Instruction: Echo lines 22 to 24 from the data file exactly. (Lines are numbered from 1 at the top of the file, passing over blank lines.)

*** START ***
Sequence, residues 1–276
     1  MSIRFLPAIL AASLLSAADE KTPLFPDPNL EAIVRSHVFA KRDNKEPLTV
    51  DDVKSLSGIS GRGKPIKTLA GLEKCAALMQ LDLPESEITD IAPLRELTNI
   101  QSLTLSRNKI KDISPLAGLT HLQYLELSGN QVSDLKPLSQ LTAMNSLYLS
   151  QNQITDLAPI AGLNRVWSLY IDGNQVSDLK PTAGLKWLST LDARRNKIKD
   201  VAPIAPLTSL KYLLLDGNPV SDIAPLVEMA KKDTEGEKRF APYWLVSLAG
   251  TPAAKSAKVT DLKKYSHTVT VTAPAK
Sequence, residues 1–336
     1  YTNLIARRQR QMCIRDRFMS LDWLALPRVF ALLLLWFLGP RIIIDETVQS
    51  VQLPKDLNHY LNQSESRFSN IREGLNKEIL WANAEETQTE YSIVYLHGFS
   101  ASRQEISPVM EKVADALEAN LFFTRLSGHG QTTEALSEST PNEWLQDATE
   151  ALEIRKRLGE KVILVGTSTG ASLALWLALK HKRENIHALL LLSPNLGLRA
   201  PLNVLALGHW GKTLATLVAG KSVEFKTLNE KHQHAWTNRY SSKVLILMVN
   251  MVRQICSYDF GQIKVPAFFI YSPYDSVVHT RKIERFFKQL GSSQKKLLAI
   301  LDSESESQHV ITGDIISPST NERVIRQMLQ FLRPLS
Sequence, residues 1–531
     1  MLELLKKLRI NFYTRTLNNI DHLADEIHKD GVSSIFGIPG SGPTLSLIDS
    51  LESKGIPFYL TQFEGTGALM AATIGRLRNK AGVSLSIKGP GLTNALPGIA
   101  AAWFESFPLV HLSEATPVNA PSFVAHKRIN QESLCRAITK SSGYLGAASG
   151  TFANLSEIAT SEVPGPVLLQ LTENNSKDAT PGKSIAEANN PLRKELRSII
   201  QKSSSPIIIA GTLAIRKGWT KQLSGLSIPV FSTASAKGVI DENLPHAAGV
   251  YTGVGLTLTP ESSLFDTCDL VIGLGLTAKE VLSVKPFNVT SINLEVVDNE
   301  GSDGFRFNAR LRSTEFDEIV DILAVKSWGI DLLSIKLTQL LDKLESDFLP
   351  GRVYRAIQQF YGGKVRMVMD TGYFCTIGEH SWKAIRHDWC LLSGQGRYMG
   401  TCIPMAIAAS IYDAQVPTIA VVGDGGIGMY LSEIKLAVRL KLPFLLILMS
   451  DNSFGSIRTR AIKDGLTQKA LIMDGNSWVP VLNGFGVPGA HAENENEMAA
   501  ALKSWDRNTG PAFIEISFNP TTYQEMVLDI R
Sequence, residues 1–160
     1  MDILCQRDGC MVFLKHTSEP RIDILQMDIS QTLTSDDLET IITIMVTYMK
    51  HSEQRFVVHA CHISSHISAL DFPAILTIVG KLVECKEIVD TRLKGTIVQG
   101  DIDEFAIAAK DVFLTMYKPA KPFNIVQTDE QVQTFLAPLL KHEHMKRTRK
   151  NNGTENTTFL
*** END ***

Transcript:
   251  YTGVGLTLTP ESSLFDTCDL VIGLGLTAKE VLSVKPFNVT SINLEVVDNE
   301  GSDGFRFNAR LRSTEFDEIV DILAVKSWGI DLLSIKLTQL LDKLESDFLP
   351  GRVYRAIQQF YGGKVRMVMD TGYFCTIGEH SWKAIRHDWC LLSGQGRYMG